This year, because of this Covid-19 nonsense, I’ll be spending a quiet Christmas eve and day at home. My kids decided to move the holiday ahead about three weeks because of virus concerns. Well, nothing much I can do about that, as Christmas is not the same without family. But then I thought, I’ve spent a bunch of unconventional Christmases. So do people across America.
I’m a Roman Catholic now, have been for 25 years. But before that I was Jewish and grew up Jewish. However, my dad was a very assimilated Reform Jew, as he had grown up Orthodox Jewish in Cuba. When he became an American he did so with a passion. So, not wanting to deprive us kids of the secular bonanza that is Christmas, we definitely celebrated the pop culture aspect of the holiday. We a had a Christmas tree my dad sarcastically called a Hanukkah bush and we opened all our presents Christmas morning. I think we were all too impatient to wait all the nights of Hanukkah.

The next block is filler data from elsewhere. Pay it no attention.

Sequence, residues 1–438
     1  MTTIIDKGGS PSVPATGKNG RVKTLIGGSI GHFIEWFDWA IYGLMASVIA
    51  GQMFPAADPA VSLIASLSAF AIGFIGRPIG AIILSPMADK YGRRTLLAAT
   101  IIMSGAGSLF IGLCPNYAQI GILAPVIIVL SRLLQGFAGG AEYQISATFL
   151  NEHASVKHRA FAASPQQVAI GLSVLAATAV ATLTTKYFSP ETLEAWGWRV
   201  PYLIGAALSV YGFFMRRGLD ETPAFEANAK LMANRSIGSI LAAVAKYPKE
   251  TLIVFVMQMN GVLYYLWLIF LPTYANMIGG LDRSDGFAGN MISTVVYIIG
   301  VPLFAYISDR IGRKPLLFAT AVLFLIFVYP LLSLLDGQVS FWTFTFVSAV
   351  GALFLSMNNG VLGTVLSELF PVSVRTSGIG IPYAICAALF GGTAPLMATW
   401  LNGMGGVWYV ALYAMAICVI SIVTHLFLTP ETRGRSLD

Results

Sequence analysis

As I grew up in South Florida, I spent my adolescent Christmases on a beach at giant Cuban cookouts replete with roast pigs, mountains of black beans and rice, multiple loaves of delicious Cuban bread, finished off with tasty flan. We were usually clad in polo shirts and tennis shorts. If the temperature had dipped below 60 degrees, the virtual Arctic for a South Floridian, we threw on khakis and a sweater. It never got colder than that.
Later in Pennsylvania for many Christmases I got my fill of snow. Shoveling it to clear walkways and parking spaces, heaving it off of my car, and slipping on the ice and pratfalling directly on my rear. I don’t miss it one bit. Here in Maryland it can get cold. But the ice isn’t bad and there is very little snow here by the Chesapeake. I can comfortably live with this.
Friends have told me about the beauty of the Western plains during the holidays. I’ve seen Denver at this time and it’s pretty. I have pals in New Orleans who rave about a Cajun Christmas. Gotta try it. I know New York City and Philadelphia during Christmas, both are magic, especially places like Rittenhouse Square in Philadelphia. Don’t know the West Coast at all during the holidays or hardly at any other time. Will be glad to keep it that way.
But most places you go in America have the feeling of happiness and goodwill at Christmas. It’s certainly not that way much of the rest of the year. It’s a thing to cherish.